Li et al. conducted a retrospective study on 131 EPIs at 18 and 24 months of age in China. Neurodevelopmental delay was noted in 35.9% of the cohort; Cognition delay, language delay, global developmental delay and moderate-severe CP were noted in 17.5%, 4.6%, 3.2% and 10.7% respectively. After adjusting for the presence of chorioamnionitis, early onset sepsis and bronchopulmonary dysplasia (BPD), prematurity was found to be an independent risk factor for poor developmental prognosis. However, the degree of hypoxia experienced by a neonate appears to have a negative correlation with the severity of developmental impairment. The outcome of infants born in hospitals in a minority/underserved area was found to be worse when compared to those born in more developed areas due to the limited NICU resources. A limitation to this study is lack of knowledge of SES, which is a significant confounding factor (8). Provenzi et al. have attempted to further characterize the risk factors for preterm infants by suggesting an epigenetic mechanism. Their 2018 systematic review found that factors such as maternal stress and/or depression, as well as NICU-related stress or pain can have longstanding impacts on the developmental trajectories of preterm infants that can extend through childhood through epigenetic alterations of imprinted and stress-related genes (13).
An additional environmental factor affecting the neurodevelopment of EPs includes maternal education status. Joseph et al. followed a group of 873 EPs and assessed neurocognitive and academic outcomes at ten years of age. They controlled for GA and potential cofounders, concluding that maternal education, a proxy for SES of the mother, is associated with significantly poorer neurodevelopment outcomes at 10 years of age. However, children of mothers that were able to advance their education in that 10-year period were associated with modestly improved outcomes (14).
Mother’s education status seems to have an impact on EPs’ neurodevelopment. The reasons are likely multifactorial, but may partly be explained by the work of Romeo et al., who described the importance of early language exposure in activation of Broca’s area. They conducted a functional MRI scan during a story-listening activity and found that in 36 SES-diverse 4–6 years old children, the children with more conversation experience had greater left inferior frontal (Broca’s area) activation (15). This is an important factor for any child, preterm or term, but Lean et al. contribute to a theory of why this is particularly crucial in preterm. They compared 84 VPT and 38 demographically matched FT children via the Wechsler Preschool Primary Scale of Intelligence-III, and assessed language with the Clinical Evaluation of Language Fundamentals Preschool-2. Mothers were tested as well. They found a statistically significant connection between mothers’ intellectual ability and child intellectual and language abilities. Maternal intellectual ability independently predicts VPT and FT children’s intellectual and language outcomes. The genetic basis for heritability of maternal intellectual ability is not fully understood, but prematurity increases the variation in the heritability of intellectual ability. Thus, children born prematurely are more likely to not fully develop intellectually (16). Unfortunately, Field et al. found that increased maternal education, along with employment and lower age, were demographic risk factors associated with postnatal anxiety (17).
The relationship between adverse childhood experiences (ACEs) and poor developmental outcomes has been consistently upheld throughout the pediatric literature. Folger et al. reified this relationship through their retrospective cohort study that included 311 mother-child dyads and 122 father-child dyads, consistently noting that for both parents the number of ACEs directly correlated to negative impact on child development in multiple domains. Notably, there was an 18% increase in risk of developmental delay for each ACE (18).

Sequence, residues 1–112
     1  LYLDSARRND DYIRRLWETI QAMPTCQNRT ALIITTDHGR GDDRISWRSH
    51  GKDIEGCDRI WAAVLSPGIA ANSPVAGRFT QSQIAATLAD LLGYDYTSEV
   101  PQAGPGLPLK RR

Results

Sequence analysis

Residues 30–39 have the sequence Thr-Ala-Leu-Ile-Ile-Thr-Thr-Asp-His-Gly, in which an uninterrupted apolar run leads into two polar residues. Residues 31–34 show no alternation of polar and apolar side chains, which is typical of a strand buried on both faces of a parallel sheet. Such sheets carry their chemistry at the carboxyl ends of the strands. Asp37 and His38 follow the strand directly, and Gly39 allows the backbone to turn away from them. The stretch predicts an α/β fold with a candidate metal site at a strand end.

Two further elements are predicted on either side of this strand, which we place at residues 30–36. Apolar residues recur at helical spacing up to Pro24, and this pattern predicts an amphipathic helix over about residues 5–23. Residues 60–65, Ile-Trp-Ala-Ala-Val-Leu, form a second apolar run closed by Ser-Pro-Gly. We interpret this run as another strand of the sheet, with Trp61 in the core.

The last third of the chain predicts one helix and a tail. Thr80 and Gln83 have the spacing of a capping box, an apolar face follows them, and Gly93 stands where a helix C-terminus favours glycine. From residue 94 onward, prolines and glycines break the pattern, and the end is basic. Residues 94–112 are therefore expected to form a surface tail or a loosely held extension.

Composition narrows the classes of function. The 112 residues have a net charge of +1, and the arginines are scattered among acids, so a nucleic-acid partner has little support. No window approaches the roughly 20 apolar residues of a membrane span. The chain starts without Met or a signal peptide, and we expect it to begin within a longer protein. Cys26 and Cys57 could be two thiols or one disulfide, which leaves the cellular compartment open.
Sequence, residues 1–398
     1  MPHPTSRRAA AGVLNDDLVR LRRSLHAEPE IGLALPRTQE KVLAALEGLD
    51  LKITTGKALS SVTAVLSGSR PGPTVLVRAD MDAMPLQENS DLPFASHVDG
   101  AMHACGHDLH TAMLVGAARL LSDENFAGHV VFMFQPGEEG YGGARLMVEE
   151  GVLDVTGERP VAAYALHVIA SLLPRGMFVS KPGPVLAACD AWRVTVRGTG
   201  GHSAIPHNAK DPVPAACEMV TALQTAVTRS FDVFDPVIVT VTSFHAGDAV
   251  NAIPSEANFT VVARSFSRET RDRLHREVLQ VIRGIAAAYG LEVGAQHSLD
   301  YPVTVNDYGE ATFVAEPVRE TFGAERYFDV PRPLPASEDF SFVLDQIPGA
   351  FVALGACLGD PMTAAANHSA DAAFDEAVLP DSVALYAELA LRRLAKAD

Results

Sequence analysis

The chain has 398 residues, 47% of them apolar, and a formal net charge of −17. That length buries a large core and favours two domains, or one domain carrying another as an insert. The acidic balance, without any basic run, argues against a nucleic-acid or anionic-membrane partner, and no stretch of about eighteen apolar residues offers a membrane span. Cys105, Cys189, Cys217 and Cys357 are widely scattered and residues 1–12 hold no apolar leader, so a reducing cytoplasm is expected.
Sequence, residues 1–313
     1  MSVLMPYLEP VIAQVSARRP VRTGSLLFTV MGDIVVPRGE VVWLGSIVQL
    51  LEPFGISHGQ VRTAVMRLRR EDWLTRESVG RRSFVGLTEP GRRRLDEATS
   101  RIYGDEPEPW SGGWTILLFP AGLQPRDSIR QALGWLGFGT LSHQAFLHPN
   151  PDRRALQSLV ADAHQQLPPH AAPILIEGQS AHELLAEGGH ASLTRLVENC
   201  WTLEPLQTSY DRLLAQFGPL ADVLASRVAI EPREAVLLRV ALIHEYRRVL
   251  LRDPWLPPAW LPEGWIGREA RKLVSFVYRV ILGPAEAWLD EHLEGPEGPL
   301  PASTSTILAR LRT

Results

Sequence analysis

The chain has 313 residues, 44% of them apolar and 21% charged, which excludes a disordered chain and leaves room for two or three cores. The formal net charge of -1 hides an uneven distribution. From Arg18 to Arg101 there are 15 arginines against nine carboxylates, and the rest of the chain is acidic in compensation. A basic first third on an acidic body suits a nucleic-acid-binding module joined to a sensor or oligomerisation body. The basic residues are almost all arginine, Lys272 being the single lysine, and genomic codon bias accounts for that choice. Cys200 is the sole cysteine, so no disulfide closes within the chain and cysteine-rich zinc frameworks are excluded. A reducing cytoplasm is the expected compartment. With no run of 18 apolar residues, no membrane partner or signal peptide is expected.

Lin et al. found rates of bilateral blindness and severe hearing loss at 2.41% and 0.54% at 2 years of age and 0.28% and 2.8%, respectively at 5 years of age. The developmental findings at 2 years were found to be less predictive for later learning status, whereas impairments noted at 5 years were suggested to be associated with more challenges later in life (10). Burnett et al. further detailed the connection between perinatal factors and neurosensory impairments such as CP, blindness and deafness. Their findings are consistent with Lin et al. in that severe hearing and vision deficits are relatively infrequent among EPIs, with rates in toddlers less than 2% and 3%, respectively (10,19). A major risk factor for blindness in preterm infants and retinopathy of prematurity, is receiving medical care in lower resource settings, and these vision conditions have been associated with other medical comorbidities, such as cardiac anomalies. A significant risk factor for hearing impairment involves the use of ototoxic agents such as gentamicin in preterm infants that have an infection. Additionally, VPI with patent ductus arteriosus (PDA) are at increased risk of hearing impairment in toddlerhood (5% compared to 2% risk in infants without PDA) (10,19).
Preterm infants are at higher risk of adverse neurodevelopmental outcomes when compared to their full-term counter parts. However, in recent years it appears that rates of certain neurologic and developmental conditions are occurring in rates lower than historically noted. It is likely that advances in neonatal medical intensive care may be contributing to these improved rates. Premature individuals with possible developmental or mental health concerns should be identified early on so that interventions can be implemented immediately. Even preterm infants that appear to be meeting developmental milestones should continue to be monitored closely as deficits may develop later. This can affect their quality of life all the way into adulthood. Further research on the impact of early-intervention programs on neurodevelopmental outcomes on preterm infants should be conducted, which can provide better understanding of the neurodevelopmental outcomes of preterm infants. Pediatric healthcare providers should continue to schedule follow-up appropriately, closely monitor former preterm infants for developmental delay, and provide appropriate anticipatory guidance to caregivers, ensuring that these vulnerable patients can achieve their greatest potential.
Conflicts of Interest: The authors have no conflicts of interest to declare.